“I didn't even know there was such a thing,” Richardson said. But the idea appealed to his interests in law, business and not-for-profit activities, and he soon began voraciously reading material from the American Hospital Association in order to get up to speed on the field.
“By my junior year, I was pretty interested in it,” Richardson said. “I thought that what would really help me would ... (be to) ... work on a ward.”
It was early experiences such as one at a local New Jersey hospital—where Richardson assisted in the general nursing and critical-care units—that taught him about the inner workings of a hospital. Even as he was doing general prep with patients and lunching with nurses, Richardson says he was learning about the economics of healthcare.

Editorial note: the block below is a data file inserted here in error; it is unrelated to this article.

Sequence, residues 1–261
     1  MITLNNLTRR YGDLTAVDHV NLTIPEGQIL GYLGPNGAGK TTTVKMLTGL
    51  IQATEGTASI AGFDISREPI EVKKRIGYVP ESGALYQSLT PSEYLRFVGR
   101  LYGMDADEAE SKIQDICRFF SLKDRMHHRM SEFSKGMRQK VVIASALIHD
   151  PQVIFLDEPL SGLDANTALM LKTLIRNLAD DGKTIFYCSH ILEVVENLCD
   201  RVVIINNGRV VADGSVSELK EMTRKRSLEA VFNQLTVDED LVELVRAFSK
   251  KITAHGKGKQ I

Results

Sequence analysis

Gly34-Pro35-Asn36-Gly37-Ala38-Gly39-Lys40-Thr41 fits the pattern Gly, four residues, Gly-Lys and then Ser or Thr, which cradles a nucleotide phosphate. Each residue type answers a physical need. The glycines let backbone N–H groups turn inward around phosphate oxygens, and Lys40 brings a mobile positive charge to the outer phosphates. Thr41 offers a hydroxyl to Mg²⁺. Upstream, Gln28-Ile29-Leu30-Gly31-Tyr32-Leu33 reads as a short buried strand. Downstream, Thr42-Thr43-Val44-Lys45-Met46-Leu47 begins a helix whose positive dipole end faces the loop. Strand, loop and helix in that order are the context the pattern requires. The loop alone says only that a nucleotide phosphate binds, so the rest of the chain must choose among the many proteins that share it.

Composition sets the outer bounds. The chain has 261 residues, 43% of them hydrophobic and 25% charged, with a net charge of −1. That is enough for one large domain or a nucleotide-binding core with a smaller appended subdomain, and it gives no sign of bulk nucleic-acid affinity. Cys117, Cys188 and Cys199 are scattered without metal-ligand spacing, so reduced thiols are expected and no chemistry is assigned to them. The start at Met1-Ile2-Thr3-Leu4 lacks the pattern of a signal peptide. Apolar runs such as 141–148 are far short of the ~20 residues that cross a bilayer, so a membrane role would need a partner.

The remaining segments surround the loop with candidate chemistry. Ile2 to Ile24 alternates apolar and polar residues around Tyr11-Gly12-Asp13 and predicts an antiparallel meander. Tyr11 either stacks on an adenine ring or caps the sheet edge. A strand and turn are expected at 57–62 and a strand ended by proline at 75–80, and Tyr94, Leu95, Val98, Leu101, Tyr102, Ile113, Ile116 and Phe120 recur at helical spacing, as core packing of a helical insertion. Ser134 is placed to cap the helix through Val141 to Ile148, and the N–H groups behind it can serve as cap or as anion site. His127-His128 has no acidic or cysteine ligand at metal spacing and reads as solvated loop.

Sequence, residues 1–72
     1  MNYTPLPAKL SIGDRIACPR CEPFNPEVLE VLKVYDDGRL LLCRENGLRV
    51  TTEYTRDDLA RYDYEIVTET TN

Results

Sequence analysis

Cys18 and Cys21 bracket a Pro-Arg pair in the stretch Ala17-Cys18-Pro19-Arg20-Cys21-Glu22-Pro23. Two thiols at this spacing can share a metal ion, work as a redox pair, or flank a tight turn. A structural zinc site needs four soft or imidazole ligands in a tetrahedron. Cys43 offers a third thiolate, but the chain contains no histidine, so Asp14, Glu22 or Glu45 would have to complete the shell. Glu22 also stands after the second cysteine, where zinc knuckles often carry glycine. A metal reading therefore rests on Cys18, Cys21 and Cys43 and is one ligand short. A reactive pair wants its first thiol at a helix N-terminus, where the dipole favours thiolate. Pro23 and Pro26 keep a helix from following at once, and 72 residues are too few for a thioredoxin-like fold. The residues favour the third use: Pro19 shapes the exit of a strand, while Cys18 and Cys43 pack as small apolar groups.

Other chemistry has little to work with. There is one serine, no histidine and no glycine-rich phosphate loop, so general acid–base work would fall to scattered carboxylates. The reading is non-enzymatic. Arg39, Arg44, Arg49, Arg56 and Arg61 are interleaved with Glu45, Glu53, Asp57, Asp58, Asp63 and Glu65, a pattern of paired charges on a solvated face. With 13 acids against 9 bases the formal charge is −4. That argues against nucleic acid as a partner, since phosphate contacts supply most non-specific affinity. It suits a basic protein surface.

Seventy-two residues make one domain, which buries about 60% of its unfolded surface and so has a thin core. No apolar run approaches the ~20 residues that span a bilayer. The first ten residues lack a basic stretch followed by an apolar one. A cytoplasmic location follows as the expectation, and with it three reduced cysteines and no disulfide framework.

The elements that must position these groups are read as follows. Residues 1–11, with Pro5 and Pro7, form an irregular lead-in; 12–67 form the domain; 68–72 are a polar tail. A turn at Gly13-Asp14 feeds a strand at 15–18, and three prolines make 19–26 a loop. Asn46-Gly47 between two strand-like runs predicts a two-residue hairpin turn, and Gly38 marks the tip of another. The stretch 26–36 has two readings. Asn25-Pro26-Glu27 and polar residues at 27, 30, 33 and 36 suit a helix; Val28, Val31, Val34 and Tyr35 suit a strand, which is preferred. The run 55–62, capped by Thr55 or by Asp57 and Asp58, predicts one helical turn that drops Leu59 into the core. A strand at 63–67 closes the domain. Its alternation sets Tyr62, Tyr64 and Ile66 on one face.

That led him to the University of Chicago for an MBA and later a Ph.D. in health policy. But while completing a residency at NYU Hospital while working on his MBA, Richardson volunteered to conduct a study on the utilization of hospital facilities and the economics associated with treating patients requiring varying levels of care.
“That got me very interested in research,” Richardson said.
As then-chairman of the Institute of Medicine's committee on quality care, Richardson played critical roles in developing two of the IOM's most high-profile reports—To Err is Human: Building a Safer Health System, published in 1999, and Crossing the Quality Chasm: A New Health System for the 21st Century, a follow-up report published in 2001.